Successful or not, witnessing this narrative volley brings enough entertainment and basic critical consideration to provide the occasional distraction from Daniels being an uncontrolled filmmaker. Where he gets the period details right, he can’t be bothered to nail the crucial sense of texture — at its worst, The Butler’s digital cinematography, from Andrew Dunn, often has a muddy quality — and though a number of nice, stern compositions can be found, he often feels impatient, moving the camera and cutting around a scene when no need existed. It was a manic time, yes, but his occasionally manic formal portrait is cumbersome no matter the context.
For all the social pretenses his film adopts, Daniels is clearly most-relaxed when filming in the White House — the scenes are brisk, funny (a surprisingly appropriate looniness even creeps in), and bring with them the level of atmosphere those sequences set apart from 1600 Pennsylvania Avenue could’ve benefited from. The Butler has little in the way of overall consistency, but it’s at these points where, not for nothing, proceedings are at their most entertainingly inconsistent. The gallery of leaders is mostly akin to a Hall of Presidents recreation, no more than when those who require makeup so rarely looking “correct”; the main exception is Alan Rickman as Ronald Reagan, his set of sequences — both in the actor’s presence and (too-)short scripted arc — nailing the ambivalent, strangely uncomfortable kindness his public demeanor was best-known for.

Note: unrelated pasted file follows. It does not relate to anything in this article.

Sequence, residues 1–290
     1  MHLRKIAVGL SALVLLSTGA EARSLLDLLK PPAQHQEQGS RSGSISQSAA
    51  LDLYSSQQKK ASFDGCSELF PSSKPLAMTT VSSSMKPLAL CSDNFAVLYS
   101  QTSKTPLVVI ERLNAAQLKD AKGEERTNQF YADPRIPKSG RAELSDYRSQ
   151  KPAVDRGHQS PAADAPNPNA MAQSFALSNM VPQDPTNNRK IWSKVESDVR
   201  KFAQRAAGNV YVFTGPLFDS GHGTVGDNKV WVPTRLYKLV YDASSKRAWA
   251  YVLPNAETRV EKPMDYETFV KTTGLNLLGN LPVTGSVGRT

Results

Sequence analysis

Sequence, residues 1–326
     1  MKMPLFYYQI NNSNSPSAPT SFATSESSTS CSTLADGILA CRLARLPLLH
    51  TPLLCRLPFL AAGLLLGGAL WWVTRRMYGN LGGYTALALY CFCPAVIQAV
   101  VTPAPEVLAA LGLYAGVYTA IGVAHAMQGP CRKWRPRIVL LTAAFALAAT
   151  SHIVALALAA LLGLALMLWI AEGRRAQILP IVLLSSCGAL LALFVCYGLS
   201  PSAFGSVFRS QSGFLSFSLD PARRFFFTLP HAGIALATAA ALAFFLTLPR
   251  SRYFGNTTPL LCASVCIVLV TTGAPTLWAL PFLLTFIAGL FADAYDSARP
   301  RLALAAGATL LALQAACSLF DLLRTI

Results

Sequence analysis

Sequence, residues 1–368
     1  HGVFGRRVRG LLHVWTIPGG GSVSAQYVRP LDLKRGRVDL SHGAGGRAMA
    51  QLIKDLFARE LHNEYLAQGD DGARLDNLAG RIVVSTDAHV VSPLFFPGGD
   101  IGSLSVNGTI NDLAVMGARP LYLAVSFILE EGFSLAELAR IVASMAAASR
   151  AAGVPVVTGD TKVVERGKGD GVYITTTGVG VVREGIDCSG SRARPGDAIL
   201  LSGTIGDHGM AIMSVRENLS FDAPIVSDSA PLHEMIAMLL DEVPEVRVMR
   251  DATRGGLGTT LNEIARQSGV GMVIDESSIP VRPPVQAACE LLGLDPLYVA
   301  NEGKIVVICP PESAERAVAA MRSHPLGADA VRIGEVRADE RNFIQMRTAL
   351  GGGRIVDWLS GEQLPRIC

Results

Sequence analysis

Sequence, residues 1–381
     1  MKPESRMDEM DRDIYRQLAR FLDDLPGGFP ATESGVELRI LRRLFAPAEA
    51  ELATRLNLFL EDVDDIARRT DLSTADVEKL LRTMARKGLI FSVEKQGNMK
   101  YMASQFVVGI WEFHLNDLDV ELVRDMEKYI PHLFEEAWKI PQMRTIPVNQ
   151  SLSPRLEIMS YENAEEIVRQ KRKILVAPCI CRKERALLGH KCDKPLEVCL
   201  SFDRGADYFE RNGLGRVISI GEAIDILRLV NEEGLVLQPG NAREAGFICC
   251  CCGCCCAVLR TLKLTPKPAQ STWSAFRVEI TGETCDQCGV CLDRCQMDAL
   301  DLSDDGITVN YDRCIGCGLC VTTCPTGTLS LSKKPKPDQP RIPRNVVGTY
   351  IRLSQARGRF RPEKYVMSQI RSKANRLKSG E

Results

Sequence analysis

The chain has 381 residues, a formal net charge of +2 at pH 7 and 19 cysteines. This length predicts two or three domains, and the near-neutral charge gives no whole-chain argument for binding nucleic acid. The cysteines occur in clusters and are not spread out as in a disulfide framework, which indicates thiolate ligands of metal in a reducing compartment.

Yet, for these issues, it’s difficult to deny that some implicit entertainment stems from the turn of things. Why Robin Williams as Dwight D. Eisenhower? Why Liev Schreiber as Lyndon B. Johnson? Daniels would appear disinterested in any reason that goes past “because,” but an acceptance nevertheless opens his film to the humorous value much of these moments coast on. In one other case, the commander-in-chief’s presence is outright surreal: John Cusack’s turn as Richard Nixon is among the more baffling I’ve seen in years, this presence little more than the actor in a suit, putting on a voice and well-known affectations while still being, completely and totally, John Cusack. (The audience didn’t appear to realize who he was playing until a voice came out.)
But this lens on the nation’s larger historical matters — Vietnam, one key example; the perspective on events down South connecting one side of the narrative with another — is too simple to be entirely justifiable, Daniels’ frequent handling by way of montage giving the unfortunate impression of a history highlight reel more than any kind of ample document. What’s more, the general ambition that this kind of project brings — not merely to tell an inspirational story about change, but the man who witnessed it all — brings into question the veracity of its historical explorations. Did he so often walk into the White House as matters of race relations were being discussed? Did Nixon and Reagan share those revealing, heart-to-heart moments? It befits the movie’s uncommon historical register, still, for Strong’s screenplay to be at its most curious when focus shifts toward the West Wing; in that, a shady crossing of fact and myth can not only be forgiven, but relatively encouraged. If for nothing else, it creates more tenable a cinematic environment than some brisk looks inside the Black Panther party — one of many refreshingly non-reactionary, albeit stock points in the narrative scope.
This mix and match leaves us wondering if Daniels and Strong were aiming for a historical picture with more subversive underpinnings — one of the few lines given to Martin Luther King Jr. (played by Nelsan Ellis) would serve as indexical evidence of this intent — and, while the film gets at that to certain degrees (these aforementioned Reagan moments stick out), The Butler’s final notes have too strongly followed through on traditional, slightly staid dramatics to have it both ways. But it was an effort worth parsing.
Lee Daniels’ The Butler opens on Friday, August 16.